The article quotes regular Hub contributor Doug Dahmer – president of Burlington, Ont.-based Emeritus Retirement Income Specialists, and pictured here – who says baby boomers have a huge looming tax problem ahead with their 6-figure RRSPs once it comes time to start withdrawing money or securities from them. The FP piece references Dahmer’s Hub blog earlier this year: Better Retirement Choices: An elegantly simple solution.

The case for early RRSP withdrawals and delaying Government benefits

As Dahmer has related here and elsewhere, he does believe RRSPs can get too large (at least if you’re averse to generating large amounts of taxable income down the road), so he is an advocate of drawing down RRSPs during the low-taxed years that many semi-retirees may experience somewhere between corporate life (typically early 60s) until it’s RRIF time in your early 70s. Continue Reading…

A cure for the Retirement Blues

Whaaaat? Is it possible that this whole retirement thing can be a letdown once you finally get there — that some people may experience the Retirement Blues?

My latest MoneySense Retired Money column looks at the problem of having too much free time in your golden post-employment years, which you can find by clicking this highlighted headline: Retiring frees up 2,000 extra hours a year.

In the piece, I describe at least one senior who felt in retrospect that he retired too early: he had a great pension so money wasn’t a problem but he soon realized he had started to miss the many benefits of work. In short, he had a mild — or not so mild — case of the Retirement Blues.

As you’ll see, the column references an RBC program called Your Future by Design (See

The 2,000 hours is the result of a simple calculation: 50 weeks multiplied by 40 hours a week equals the amount of “found” leisure time freed up by no longer working full-time. The 2,000 hours figure was referenced in a survey by the Royal Bank last year. Those with long commutes can add a few more hundred hours a year of “found” time.

Keep in mind that if you don’t work at all in retirement you’ll have a lot more than just those 2,000 hours a year to fill. Subtracting 3,000 hours for sleep, you’ll have a total of 5,840 waking hours every year. So if you live 30 more years after retiring, that’s 175,000 waking hours to be occupied.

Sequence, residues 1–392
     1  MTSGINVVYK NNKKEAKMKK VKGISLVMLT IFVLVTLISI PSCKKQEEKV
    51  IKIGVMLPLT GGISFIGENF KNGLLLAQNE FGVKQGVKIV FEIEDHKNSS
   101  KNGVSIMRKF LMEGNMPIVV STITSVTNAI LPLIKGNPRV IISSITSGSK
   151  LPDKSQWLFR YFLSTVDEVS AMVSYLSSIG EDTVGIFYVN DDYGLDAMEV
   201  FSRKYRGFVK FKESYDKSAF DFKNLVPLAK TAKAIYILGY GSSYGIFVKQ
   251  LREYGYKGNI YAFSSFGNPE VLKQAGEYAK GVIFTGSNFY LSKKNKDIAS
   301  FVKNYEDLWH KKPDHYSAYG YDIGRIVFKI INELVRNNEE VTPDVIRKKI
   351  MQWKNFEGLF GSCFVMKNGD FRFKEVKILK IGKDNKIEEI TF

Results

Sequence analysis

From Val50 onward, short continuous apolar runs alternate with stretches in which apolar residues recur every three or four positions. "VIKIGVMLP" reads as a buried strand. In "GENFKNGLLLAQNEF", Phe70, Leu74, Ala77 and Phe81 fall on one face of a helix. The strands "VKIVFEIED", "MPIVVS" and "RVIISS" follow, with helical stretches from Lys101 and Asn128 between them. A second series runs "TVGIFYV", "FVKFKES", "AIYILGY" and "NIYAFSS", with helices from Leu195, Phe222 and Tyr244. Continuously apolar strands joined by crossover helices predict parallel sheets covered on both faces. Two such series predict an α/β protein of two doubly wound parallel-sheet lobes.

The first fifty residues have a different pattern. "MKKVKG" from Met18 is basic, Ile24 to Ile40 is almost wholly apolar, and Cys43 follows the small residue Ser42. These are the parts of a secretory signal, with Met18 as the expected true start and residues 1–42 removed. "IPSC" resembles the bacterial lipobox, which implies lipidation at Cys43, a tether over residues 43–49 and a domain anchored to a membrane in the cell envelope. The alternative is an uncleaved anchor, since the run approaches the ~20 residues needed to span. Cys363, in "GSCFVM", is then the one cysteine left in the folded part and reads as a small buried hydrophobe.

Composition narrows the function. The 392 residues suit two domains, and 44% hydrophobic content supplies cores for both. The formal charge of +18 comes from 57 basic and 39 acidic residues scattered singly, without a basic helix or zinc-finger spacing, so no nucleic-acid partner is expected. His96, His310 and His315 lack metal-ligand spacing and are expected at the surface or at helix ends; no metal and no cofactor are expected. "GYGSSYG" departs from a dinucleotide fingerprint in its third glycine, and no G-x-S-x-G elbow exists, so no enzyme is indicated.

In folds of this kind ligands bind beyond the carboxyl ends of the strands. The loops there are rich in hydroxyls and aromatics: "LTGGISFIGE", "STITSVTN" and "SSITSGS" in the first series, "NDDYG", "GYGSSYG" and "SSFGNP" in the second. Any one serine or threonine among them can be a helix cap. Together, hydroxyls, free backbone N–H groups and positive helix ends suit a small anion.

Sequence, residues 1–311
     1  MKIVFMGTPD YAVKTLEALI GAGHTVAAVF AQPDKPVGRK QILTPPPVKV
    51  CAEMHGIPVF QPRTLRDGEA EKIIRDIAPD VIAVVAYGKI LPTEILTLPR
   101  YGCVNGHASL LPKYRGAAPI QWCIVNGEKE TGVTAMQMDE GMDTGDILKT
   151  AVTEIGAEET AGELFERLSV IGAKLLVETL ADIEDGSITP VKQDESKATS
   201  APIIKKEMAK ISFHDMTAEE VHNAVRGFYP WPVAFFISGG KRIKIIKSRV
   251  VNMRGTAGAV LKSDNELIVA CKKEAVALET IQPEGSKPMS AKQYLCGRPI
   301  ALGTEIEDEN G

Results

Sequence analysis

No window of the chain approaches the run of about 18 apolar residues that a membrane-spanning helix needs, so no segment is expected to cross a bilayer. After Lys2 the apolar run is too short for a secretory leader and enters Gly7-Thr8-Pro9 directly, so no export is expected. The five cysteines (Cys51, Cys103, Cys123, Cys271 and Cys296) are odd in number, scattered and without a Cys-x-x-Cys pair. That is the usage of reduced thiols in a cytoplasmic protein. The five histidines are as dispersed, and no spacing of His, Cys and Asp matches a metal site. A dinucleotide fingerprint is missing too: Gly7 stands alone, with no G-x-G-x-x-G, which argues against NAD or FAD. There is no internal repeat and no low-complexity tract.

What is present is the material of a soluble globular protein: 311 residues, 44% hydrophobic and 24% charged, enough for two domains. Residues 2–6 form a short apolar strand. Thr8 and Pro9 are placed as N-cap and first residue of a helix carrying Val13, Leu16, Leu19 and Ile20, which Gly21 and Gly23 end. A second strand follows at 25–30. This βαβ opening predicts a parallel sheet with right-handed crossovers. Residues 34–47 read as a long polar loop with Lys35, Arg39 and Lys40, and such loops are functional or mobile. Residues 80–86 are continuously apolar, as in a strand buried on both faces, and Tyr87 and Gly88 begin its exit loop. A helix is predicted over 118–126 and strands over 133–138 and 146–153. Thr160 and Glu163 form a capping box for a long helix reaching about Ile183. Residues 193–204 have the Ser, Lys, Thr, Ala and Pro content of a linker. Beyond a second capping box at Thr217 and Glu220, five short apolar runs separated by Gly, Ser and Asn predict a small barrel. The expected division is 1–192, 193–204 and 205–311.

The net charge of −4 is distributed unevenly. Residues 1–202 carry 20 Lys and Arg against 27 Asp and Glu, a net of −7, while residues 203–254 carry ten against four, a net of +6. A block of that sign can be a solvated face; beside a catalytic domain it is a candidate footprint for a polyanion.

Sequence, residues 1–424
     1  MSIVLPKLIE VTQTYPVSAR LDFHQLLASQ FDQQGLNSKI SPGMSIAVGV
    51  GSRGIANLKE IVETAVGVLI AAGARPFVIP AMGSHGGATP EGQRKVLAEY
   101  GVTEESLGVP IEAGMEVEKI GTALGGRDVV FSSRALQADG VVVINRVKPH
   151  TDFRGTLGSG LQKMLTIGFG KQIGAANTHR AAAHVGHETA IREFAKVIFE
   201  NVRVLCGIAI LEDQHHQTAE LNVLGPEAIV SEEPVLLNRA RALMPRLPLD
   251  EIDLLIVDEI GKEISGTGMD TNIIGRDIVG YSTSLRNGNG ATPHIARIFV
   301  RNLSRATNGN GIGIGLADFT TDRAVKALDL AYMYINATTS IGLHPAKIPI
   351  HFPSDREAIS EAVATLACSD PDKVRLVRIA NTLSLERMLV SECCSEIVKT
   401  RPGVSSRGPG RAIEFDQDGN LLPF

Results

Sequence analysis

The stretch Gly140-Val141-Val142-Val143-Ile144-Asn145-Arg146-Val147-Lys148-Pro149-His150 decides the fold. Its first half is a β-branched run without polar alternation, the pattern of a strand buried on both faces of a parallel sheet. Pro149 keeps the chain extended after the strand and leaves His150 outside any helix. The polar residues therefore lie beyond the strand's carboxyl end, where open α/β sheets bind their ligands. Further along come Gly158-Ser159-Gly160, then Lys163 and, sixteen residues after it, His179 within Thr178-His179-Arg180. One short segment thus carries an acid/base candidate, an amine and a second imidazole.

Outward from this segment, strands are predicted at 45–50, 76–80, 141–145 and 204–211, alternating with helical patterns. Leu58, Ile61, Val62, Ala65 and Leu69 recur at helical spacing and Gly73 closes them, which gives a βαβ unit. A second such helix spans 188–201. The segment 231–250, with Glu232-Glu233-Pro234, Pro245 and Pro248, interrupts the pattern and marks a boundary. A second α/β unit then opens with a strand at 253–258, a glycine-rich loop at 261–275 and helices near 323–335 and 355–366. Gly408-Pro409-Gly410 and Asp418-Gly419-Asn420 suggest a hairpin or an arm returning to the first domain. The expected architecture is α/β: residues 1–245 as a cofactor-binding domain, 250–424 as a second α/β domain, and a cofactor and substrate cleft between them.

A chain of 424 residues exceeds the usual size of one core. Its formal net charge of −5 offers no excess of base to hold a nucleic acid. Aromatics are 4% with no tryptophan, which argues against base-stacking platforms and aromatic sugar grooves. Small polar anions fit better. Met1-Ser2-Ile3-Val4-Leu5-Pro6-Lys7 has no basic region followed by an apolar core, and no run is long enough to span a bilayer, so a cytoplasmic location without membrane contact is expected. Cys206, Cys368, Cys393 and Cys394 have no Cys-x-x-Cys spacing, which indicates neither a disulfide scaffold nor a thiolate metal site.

Little wonder that 73% surveyed by RBC aren’t sure what they’ll do with all that time. We spend more time planning vacations (29%) or weddings (19%) than on retirement!

5 top retirement activities, plus a sixth that should be considered

RBC finds the top five activities for replacing work are health & fitness, travel, hobbies, volunteering and relaxing at home,  but I suggest in the column that many recent retirees may discover they want a sixth activity: work, if only on a part-time basis.

Imagine that: doing a little more of what you may have done too much of during your primary career, but enjoying it for its own sake, its networking properties and social stimulation. And, incidentally, adding a little to your retirement nest egg while you’re at it.

Continue Reading…

Me, retired? No way!

The other day I was at my local bank branch doing some business and the teller asked me how I was enjoying my retirement.

Hearing that surprised me but then I realized they had a message on their computer system that identified me as a retired employee of the bank.

For some reason I felt the need to defend myself and started to explain that I in fact was not retired, that I was busier than ever running my blog, selling my book, serving as a retirement coach and doing public speaking. But then I had a sudden change of heart and decided to stop what I was doing. I realized that defending myself was the OLDME raising its ugly head again and I don’t like OLDME anymore.

Label Me Anything But Retired!

The word retirement is being thrown around these days, describing so many things from the old style “full stop” retirement to everything but the kitchen sink. I believe lack of clarity is causing confusion for a lot of people these days.

Why should we automatically label someone retired just because they decided to leave a job which in my particular case lasted for 36 years? Continue Reading…